"Love Instead of Guns" reads a sign held up by a
student at Brandeis Marin in San Rafael during the National School Walkout, March 14, 2018. (Photo/Courtesy Brandeis Marin)
"Love Instead of Guns" reads a sign held up by a student at Brandeis Marin in San Rafael during the National School Walkout, March 14, 2018. (Photo/Courtesy Brandeis Marin)

‘We the kids’: Students stand up and walk out over school shootings

Students at Jewish day schools across the nation — including several in the Bay Area — offered prayers, lit candles and demanded change as part of a nationwide student walkout calling for gun reform in the wake of last month’s school shooting in Parkland, Florida.

Students around the country walked out of class for 17 minutes at 10 a.m. Wednesday to pressure Congress to approve gun control legislation and to honor the lives of the 17 victims of the Feb. 14 shooting at Marjory Stoneman Douglas High School. The national walkouts come 10 days before the March for Our Lives, a protest organized by Parkland students in which their peers from around the country will descend on Washington, D.C., on March 24 to call for stricter gun control.

Locally, students from Brandeis Marin in San Rafael, Brandeis School of San Francisco, Gideon Hausner Jewish Day School and Kehillah Jewish High School in Palo Alto, Jewish Community High School of the Bay in San Francisco, Tehiyah Day School in El Cerrito, and Ronald C. Wornick Jewish Day School in Foster City all participated in the walkout.

Students at S.F. Brandeis teamed up with peers from neighboring St. Thomas More Catholic School and KZV Armenian School for a walkout along Brotherhood Way, where all three schools are located.

Dan Glass, head of school, tweeted: “‘We are the new generation,’ the student leaders tell us at this interfaith three-school #nationalwalkoutday rally against gun violence, and we weep for the necessity of the statement, and pray that it may be so.”

At Brandeis Marin, kids held up signs like “Don’t be a bystander,” “We the Kids — gun control now” and “School is for learning, not burning.”

At Tehiyah, pupils as young as second-graders took part in the walk-out, which included delegates from the fifth through eighth grades making short speeches and reading poems.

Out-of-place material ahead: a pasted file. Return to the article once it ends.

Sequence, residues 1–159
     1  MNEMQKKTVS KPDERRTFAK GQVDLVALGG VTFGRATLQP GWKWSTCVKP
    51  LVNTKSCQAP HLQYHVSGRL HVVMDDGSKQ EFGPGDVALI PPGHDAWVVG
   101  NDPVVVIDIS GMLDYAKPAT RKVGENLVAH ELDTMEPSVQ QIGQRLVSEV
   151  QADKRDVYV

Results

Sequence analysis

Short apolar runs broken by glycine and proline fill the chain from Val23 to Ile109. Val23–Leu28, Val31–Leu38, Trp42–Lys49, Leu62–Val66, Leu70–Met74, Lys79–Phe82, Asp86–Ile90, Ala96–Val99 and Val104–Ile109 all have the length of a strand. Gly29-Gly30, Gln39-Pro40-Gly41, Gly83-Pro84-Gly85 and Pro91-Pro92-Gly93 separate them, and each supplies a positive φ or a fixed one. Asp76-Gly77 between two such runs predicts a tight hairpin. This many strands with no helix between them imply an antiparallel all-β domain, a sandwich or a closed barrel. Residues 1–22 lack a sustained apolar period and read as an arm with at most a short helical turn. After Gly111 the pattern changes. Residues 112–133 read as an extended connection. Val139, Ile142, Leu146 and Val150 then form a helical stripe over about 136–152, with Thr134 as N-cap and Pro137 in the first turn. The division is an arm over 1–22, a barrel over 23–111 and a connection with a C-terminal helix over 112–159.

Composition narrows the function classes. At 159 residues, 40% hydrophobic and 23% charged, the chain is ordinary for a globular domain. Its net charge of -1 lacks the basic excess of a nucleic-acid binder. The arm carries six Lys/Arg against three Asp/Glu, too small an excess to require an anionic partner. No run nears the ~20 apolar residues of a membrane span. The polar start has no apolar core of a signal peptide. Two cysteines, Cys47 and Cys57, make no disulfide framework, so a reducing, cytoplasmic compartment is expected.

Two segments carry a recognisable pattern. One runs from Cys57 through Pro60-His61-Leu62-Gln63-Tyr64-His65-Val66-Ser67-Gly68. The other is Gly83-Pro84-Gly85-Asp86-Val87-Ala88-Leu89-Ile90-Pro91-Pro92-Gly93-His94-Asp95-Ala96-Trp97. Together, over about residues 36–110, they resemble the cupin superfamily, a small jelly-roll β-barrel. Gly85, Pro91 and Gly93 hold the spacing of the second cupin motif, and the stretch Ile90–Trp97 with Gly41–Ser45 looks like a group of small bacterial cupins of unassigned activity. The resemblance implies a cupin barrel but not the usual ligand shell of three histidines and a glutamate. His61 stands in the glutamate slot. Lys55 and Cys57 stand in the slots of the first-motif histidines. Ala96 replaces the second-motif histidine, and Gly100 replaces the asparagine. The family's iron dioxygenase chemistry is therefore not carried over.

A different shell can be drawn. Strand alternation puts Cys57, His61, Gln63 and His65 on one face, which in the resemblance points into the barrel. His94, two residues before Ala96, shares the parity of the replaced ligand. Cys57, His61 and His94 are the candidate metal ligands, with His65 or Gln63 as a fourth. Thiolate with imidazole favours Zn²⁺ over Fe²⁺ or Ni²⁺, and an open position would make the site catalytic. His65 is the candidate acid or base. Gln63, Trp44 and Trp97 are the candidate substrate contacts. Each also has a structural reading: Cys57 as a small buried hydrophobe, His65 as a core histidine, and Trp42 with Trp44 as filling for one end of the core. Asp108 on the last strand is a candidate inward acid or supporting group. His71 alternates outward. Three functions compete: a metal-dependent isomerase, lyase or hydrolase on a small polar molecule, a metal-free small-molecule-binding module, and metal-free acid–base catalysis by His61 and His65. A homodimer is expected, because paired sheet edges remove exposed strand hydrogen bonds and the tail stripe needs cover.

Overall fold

“As a parent and an administrator, it was so moving to watch these children,” said Jenn Brysk, the school’s chief advancement officer. “These are our future leaders. It was amazing to see our values at work.”

Mira Kittner, an 18-year-old senior at JCHS, told J. yesterday, “We pay attention. Our knowledge of this issue has been bubbling under the surface for a long time. This [walkout] has been a way to insert our voices into the conversation, and be able to challenge authority.”

Because many JCHS students are away on annual school trips, their walkout will be held March 23, the day before the March for Our Lives.

Earlier this month, the heads of 139 Jewish day schools signed a letter calling for action on gun control in the wake of the Parkland shooting. The letter was organized by Prizmah, which represents some 300 Jewish day schools, and while it stopped short of endorsing today’s walkout or the March 24 student march, it stated the signatories’ belief that school safety is a Jewish issue.

Leaders of Brandeis Marin, Brandeis S.F., JCHS, Wornick, Gideon Hausner, Kehillah, Contra Costa Jewish Day School in Lafayette, South Peninsula Hebrew Day School in Sunnyvale, Oakland Hebrew Day School, Shalom School in Sacramento and Yavneh Day School in Los Gatos all signed the letter.

“Some schools will get behind the walkout, some schools will look the other way to express what they think is important, but at the end of the day everyone is standing for the same thing, which is we need to protect our students and the professionals that work in schools,” Paul Bernstein, Prizmah’s CEO, told JTA.


Content distributed by the Jewish Telegraphic Agency news service.